Mercury has always been a puzzling brand. It should have been a huge hit, as it was the only thing FMC offerred between Ford and Lincoln. Why was GM able to successfully sell THREE models between Chevrolet and Cadillac while Ford couldn’t even sell one? Shifting ideas about its identity didn’t help. Some Mercs were forgettable, but the ’49-’51, ’55-’56, some mid-60’s versions and the big Grand Marquis in the ’70’s were interesting. These models all had some uniqueness, plus a larger engine, to set it apart from the humdrum Ford. I recall in high school a teacher had a 1964 Mauraduer 4 dr hardtop. 4 barrel 390, great interior, sharp car. Put my father’s ’63 Dynamic 88 to shame. This was the “fastback” roof design, sold along side other Mercs with the “Breezeway” retractable rear window. Two totally different roof designs offered on the same line of vehicles. Unbelieveable. Properly marketed Merc could have been a big winner. Now sadly, it’s gone. A shame.
“Why was GM able to successfully sell THREE models between Chevrolet and Cadillac while Ford couldn’t even sell one? Shifting ideas about its identity didn’t help…[neither did the fact that] Some Mercs were forgettable”
A more basic part of the probem is that GM’s three midpriced brands were already well-established before Mercury even came on the scene. Ford neglected this segment for too long, and when they finally tried to get in, they found that B-O-P had a stranglehold on it. (That Chrysler also already had a three-brand presence in the mid-price segment before Ford even had one didn’t help, either.) Ford was clearly frustrated by GM’s dominance in this segment, and made a major push to break it in the ’50s with the introduction of the Edsel and the upmarket shift in Mercury. They were ultimately forced to retreat on both fronts, however. After that, developing new models in response to size segmentation of the market (compacts, intermediates, ponycars, subcompacts etc.) became a bigger concern than developing a new make.
Granted that the mid-price market was a tough nut to crack, I don’t think Mercury ever consistently outsold any *one* of the three GM mid-price makes. To expect Ford’s overall mid-price sales to exceed GM’s, with one make against three, was probably unrealistic. But it is kind of amazing that Ford’s one make could never even equal one of GM’s three make.
The ironic part is that Ford’s approach – offering a full range of models under one brand, and even pricing some of them in medium-price territory (LTD and Thunderbird) – was the strategy that ultimately won.
This approach undermined the old Sloan “brand ladder” strategy of offering several brands at different price segments.
Toyota follows the Ford approach, as well.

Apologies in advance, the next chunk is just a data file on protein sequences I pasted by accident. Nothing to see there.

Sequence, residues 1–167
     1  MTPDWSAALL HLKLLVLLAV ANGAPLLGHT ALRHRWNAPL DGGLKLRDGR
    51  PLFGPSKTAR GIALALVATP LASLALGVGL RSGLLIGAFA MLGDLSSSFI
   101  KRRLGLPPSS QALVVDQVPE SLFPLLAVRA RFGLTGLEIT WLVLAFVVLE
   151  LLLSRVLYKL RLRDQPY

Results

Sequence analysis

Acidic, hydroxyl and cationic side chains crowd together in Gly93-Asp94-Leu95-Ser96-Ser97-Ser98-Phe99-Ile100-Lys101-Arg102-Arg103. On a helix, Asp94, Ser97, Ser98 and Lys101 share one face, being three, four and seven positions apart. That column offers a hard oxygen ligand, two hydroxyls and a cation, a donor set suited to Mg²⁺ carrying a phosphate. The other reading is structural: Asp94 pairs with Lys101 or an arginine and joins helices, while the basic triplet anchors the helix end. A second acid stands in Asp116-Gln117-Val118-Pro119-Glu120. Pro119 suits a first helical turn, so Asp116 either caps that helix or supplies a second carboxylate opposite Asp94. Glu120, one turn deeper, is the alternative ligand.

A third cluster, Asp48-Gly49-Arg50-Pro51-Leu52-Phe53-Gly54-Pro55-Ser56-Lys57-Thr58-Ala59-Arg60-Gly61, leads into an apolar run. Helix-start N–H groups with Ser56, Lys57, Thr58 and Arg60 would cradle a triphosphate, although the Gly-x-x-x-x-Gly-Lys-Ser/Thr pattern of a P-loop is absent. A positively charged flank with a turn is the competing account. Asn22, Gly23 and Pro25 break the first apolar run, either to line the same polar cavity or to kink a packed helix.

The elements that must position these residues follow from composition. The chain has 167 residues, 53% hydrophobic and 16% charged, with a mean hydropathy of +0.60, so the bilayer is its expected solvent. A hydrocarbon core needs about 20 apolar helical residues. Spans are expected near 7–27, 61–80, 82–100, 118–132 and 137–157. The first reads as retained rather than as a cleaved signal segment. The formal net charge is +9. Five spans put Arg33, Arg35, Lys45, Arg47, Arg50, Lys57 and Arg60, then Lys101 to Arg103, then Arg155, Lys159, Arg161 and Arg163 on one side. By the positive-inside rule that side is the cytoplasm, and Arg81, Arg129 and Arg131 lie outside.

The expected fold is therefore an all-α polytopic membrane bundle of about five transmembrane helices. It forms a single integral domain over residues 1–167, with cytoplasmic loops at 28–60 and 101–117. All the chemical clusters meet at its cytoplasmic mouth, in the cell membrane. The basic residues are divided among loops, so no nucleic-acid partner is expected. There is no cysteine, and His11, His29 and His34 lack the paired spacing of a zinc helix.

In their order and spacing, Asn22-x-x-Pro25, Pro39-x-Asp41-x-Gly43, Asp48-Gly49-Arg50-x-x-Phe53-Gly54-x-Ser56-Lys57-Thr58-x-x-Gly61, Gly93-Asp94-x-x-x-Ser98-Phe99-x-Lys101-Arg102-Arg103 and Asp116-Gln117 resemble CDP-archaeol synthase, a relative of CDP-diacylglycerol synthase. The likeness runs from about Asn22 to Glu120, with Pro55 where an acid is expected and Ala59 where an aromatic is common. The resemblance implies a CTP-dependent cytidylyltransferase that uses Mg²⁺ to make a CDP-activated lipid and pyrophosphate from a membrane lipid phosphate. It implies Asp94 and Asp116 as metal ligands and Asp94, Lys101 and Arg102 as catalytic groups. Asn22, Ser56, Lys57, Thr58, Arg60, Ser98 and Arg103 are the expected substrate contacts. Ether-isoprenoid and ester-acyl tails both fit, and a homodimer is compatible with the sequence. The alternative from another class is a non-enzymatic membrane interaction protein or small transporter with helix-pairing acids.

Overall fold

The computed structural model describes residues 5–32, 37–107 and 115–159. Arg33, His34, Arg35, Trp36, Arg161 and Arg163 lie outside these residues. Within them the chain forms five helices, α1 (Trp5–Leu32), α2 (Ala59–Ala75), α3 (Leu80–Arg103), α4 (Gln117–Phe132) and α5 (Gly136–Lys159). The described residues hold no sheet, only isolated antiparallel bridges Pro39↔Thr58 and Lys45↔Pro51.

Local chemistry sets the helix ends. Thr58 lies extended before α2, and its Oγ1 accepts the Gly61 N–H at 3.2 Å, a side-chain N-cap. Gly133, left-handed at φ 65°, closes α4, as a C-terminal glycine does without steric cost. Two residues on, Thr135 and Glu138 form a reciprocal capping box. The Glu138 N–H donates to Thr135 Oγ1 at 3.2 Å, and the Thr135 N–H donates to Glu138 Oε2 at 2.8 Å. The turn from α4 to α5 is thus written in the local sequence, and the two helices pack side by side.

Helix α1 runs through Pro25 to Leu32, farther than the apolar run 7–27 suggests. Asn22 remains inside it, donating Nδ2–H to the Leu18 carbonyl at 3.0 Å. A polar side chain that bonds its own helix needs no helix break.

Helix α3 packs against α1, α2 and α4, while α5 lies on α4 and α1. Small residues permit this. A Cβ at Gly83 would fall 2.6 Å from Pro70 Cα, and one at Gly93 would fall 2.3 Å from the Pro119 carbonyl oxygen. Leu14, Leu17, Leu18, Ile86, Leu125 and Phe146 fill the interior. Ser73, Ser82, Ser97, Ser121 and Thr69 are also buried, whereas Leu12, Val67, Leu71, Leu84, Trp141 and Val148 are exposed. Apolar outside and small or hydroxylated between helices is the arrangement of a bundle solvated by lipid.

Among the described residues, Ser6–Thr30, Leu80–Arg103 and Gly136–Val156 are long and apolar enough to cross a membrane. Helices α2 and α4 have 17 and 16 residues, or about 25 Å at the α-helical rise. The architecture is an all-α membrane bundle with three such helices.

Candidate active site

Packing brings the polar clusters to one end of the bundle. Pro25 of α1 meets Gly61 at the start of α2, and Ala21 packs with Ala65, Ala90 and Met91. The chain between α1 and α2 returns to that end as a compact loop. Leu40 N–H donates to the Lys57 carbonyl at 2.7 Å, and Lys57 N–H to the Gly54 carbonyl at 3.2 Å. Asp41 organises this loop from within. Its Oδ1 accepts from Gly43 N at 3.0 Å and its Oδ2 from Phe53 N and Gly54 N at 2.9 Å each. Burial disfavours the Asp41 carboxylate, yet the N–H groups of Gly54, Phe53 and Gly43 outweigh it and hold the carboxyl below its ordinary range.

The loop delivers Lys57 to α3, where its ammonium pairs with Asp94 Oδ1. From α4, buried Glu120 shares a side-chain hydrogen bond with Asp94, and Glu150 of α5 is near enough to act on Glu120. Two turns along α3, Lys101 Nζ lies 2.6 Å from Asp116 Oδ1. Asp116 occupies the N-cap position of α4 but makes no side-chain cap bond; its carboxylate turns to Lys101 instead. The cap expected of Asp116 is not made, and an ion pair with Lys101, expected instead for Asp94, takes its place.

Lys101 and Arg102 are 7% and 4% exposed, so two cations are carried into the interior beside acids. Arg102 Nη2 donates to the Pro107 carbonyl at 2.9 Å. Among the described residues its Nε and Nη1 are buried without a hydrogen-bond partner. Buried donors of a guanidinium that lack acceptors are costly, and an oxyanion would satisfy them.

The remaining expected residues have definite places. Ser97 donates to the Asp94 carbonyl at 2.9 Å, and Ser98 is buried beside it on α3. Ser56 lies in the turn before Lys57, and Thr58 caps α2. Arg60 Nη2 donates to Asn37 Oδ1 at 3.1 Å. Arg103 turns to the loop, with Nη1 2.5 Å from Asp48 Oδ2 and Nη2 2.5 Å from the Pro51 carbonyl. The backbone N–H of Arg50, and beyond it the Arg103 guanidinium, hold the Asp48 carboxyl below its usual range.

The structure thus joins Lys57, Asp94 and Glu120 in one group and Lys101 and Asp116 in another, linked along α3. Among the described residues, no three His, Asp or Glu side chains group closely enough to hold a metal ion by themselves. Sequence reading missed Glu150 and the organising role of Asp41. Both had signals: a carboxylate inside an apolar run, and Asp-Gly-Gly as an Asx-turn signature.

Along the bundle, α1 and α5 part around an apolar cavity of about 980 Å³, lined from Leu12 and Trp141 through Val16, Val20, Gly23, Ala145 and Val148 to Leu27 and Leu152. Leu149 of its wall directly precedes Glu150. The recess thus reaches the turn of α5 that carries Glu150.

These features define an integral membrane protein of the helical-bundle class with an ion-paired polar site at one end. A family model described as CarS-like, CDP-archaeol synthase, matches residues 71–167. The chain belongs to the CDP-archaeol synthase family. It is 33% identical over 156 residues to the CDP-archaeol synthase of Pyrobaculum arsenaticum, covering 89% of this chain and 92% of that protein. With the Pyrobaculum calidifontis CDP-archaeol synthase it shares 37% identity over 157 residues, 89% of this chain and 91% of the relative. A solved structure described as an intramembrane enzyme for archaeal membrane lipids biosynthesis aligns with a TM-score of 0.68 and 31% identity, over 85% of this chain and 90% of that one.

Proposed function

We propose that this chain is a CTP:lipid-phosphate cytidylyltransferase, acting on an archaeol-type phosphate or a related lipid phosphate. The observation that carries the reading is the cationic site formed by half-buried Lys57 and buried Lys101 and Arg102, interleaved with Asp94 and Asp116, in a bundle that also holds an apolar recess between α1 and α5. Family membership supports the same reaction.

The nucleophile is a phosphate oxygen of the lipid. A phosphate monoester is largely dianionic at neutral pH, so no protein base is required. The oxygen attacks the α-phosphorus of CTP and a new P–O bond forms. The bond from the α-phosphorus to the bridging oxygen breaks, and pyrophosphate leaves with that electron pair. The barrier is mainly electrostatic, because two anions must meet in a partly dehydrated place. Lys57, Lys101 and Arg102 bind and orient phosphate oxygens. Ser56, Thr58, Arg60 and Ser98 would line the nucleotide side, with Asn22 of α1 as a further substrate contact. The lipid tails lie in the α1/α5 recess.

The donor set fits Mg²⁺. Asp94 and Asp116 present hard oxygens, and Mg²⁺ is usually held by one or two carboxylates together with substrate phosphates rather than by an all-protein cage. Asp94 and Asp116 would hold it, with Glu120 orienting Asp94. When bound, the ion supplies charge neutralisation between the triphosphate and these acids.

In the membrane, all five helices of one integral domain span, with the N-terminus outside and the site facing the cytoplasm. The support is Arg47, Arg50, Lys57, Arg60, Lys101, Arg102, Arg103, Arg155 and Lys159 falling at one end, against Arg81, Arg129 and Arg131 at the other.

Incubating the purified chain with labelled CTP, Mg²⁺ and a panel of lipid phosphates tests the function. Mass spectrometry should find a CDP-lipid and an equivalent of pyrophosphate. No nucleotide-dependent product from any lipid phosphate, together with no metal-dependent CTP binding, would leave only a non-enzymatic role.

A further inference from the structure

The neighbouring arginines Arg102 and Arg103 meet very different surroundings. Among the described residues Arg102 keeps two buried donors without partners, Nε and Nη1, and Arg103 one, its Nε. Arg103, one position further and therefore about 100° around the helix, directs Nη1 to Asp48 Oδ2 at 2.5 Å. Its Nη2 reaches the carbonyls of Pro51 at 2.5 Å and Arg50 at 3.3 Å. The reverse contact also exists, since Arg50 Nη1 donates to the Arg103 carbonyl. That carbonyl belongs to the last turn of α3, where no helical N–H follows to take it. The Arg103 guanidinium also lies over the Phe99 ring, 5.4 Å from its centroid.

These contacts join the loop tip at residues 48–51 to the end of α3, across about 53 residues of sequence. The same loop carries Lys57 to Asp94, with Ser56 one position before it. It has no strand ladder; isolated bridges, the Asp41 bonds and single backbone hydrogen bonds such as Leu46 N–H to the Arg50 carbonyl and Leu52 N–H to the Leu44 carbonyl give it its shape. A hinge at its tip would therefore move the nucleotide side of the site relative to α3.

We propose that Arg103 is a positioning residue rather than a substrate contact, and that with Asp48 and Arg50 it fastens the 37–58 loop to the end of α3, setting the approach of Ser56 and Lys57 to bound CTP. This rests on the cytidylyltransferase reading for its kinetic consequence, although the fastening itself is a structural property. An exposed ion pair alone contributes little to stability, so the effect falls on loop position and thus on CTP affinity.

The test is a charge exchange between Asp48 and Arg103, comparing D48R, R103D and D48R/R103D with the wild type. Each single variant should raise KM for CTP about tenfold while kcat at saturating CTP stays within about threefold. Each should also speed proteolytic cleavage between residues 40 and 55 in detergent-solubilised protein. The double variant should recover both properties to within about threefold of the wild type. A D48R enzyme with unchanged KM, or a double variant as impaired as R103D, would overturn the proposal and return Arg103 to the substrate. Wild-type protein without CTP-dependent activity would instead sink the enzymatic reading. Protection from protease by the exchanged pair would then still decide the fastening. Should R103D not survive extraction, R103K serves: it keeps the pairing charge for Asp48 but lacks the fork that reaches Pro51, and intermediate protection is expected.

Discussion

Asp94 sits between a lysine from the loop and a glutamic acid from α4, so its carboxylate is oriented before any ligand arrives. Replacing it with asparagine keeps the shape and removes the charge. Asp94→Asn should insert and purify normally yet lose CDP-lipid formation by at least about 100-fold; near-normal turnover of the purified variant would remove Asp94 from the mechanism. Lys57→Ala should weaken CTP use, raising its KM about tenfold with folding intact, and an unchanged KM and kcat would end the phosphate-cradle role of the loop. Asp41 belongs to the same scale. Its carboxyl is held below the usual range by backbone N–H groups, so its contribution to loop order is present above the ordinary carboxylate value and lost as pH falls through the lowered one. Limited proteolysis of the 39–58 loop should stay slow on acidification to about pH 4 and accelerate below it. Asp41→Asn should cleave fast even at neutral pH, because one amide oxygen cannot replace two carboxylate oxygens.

Not only is Mercury gone, but so are Pontiac and Oldsmobile. Dodge moved down to take Plymouth’s place as the “mass market” brand for Chrysler Corporation. Buick is a shadow of its former self, and survives largely because of strong sales in China.
That’s a great point — in hindsight, over the long haul, Ford was better off with only one mid-price brand. Things eventually reached a point where they didn’t even need the one they had. The same goes for Chrysler with the elimination of DeSoto. The Sloan system flourished in a world where every American brand sold just one basic type of car, and where each of the Big Three had a huge share of the market. After 1960, as the American market subdivided into different sizes and types of vehicles, and as foreign manufacturers took up more and more of the U.S. market, the Sloan system made less and less sense.
Interesting observation. I note that Falcons always had F-O-R-D spelled out across the hood, a different branding approach from their competitors. Some marketers could argue that that weakened both the ‘Falcon’ concept and the image of the big ‘Fords’, but Ford possibly felt that the Ford name was what the public really needed to know.
My thought is that this approach is more likely in family companies, where the name has assumed a more ‘sacred’ identity. Like Toyota?
Although don’t forget that Toyota has been playing the separate brand game (in the U.S. market) as well, first with Lexus and, less successfully, with Scion.
And what did it all lead to…GM couldn’t handle it’s load & had to turn its self over to the government! Nice work!
Not “couldn’t”, Jamie…
There was a time when GM was arguably the greatest mass-market vehicle company on Earth. From Harley Earl’s democratization of automotive beauty (compare a ’32 Chevy with a ’26 model, for example), to innovations we all take as mandatory today, like power steering and automatic transmission.
The GM of 1962 was bristling with innovation and enough differentiation to afford each car line its own unique identity, even as all shared that same Body by Fisher.
Then, GM stopped being all that and a bag of chips. There were chinks in the armor as far back as 1947, when short-sighted Chevy dealers stopped the Cadet project. But after 1965 it got a little easier to see, especially if you look at Cadillac. 1971 was another turning point IMO. The Cadillac that once competed with Rolls-Royce now offered a model attainable to the masses, only a 25% price premium over a Caprice. And the similarities between the brands’ bodies were becoming all too apparent.